The crux of the whole effort has been, their request for a train, 100 or so acres of base development and expansion into Mt. Wolverine/Mt. Tuscarora/Catherine Pass area. This point has yet to be resolved because of significant resistance particularly from SOC, and the Outdoor Industry represented by Peter Metcalf. As put by SOC co-founder and Wasatch Tours author, Alexis Kelner in Volume 2 of Wasatch Tours describing Tuscarora/Wolverine/Catherine Pass, “This tour was more appealing before ski lifts were thrust into Albion Basin, but the spectacular scenery compensates (somewhat) for the commercial intrusion. The Catherine Pass trail is the most popular route between Alta and Brighton in both summer and winter.” Alexis also noted, looking into his futuristic snow globe, that this area should be noted as “End. (Endangered) a notation used to warn tourers that an area has high potential for being absorbed into a commerical ski area opertation. Fair to say that expansion into this area in our opinion will jeopardize the whole negotiation.
So, what is the up shot in all this? Over 2,000 acres of land owned by ski resorts including areas like the Pink Pine ridge, Mt. Superior, Flagstaff, Days Fork, upper Silver Fork, Davenport Hill, Grizzly Gulch and Guardsman Pass area going into permanent protection (like Wilderness or National Monument) forever removing the threat of development. This of course is in addition to additional protection on other areas as we’ve proposed in the past. Over the years, to use Alexis’s terminology, its been common practice to add “End.” or “R.I.P.” to some of our favorite places in the Wasatch. It has not been very often, however, to remove those notations. This effort allows that opportunity. Time for another edition of Wasatch Tours, Alexis!
No doubt this effort will go down in history – my expectation is that it goes down in history along side the protection of Yellowstone and Yosemite, not like Echo Park, which sacrificed Glen Canyon to protect Dinosaur’s Echo Park, and the Yampa and Green Rivers. A unique and spectacular landscape for sure, but worth drownding the Glen and choking the Grand Canyon? We’ve worked to shape this outcome, now we need YOU to help us understand whether or not it is a good deal. The train and additional development are certainly undesirable, but the lure of conservation of valued private lands in the Central Wasatch is attractive. Send us your thoughts, make sure the Mountain Accord gets them too. The comment period begins Feb. 4. There will be more info part of this than what we’ve presented here.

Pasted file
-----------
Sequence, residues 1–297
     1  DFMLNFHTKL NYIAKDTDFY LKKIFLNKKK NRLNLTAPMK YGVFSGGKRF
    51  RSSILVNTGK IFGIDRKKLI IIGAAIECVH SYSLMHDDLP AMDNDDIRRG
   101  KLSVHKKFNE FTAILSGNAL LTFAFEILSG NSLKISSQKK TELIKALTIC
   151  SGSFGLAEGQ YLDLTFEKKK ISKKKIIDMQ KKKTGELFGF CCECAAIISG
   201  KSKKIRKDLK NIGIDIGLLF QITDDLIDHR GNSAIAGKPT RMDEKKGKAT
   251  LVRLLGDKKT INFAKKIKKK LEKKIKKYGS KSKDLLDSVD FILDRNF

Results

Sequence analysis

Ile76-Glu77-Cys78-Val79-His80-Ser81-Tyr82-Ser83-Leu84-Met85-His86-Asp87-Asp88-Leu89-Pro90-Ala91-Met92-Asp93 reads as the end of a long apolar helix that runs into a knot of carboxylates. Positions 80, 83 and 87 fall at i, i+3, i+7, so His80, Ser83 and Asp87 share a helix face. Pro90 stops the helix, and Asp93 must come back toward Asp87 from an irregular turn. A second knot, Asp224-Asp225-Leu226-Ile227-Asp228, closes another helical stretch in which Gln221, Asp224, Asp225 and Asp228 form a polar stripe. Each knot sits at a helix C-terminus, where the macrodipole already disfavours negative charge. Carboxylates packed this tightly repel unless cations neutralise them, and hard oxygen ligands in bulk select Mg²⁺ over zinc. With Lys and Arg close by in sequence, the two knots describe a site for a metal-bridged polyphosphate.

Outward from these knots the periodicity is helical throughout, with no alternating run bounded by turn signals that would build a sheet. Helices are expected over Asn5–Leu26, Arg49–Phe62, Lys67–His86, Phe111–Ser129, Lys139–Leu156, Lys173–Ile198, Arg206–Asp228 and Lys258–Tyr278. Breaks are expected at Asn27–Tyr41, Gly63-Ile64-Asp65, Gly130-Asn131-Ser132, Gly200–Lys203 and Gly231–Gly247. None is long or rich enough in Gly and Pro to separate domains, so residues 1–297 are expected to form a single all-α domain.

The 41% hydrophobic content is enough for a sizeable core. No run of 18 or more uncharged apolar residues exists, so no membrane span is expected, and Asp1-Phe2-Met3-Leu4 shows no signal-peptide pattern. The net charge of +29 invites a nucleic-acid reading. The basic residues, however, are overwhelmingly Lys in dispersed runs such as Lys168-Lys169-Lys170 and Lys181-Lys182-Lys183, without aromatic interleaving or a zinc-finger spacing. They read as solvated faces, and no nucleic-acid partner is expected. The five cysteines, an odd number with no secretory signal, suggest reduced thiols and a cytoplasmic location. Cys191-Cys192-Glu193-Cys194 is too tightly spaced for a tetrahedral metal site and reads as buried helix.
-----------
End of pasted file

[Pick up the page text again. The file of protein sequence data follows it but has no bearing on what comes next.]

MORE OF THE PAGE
Please let us know your thoughts, we tried our best through this process, but the ultimate protection of the Wasatch lies in the opinions of our community and validation of the ideas that we’ve carefully advocated for to better the Wasatch for today, and for tomorrow.
This is critical, we need your voice now!
Below is the Q&A session from Mountain Accord Meeting at Park City High School. It provides a good overview of the types of questions citizens have about the process and the way Mountain Accord is attempting to answer those questions.
We live blogged the Summit County Council Meeting on Mountain Accord. You should get a good feel for how various members of your County Council feel about the topic.
Please forgive any spelling mistakes. The meeting moved pretty quickly. In some cases below you’ll see just the first names of council members. For clarity, Roger is Roger Armstrong, Kim is Kim Carson, Dave is Dave Ure, Chris is Chris Robinson, Claudia is Claudia McMullin.
We received an email from a Friend of the Park Rag regarding our earlier article on a rail up Parley’s Canyon. We had said that County Council Member Chris Robinson’s explanation of the route being owned by the federal government, and the fact that it wasn’t at capacity, made sense why we shouldn’t expect light rail from the airport to Park City.
Our Friend replied:
If people want to dream of rail through the mountains we might as well dream of rail over the mountains. What’s the harm? As Daniel Burnham said:
Touche’. Perhaps we are too cynical. More importantly, we fear we are sounding too much like our father.
So, here’s to you. Our Dreamer. We hope you are right.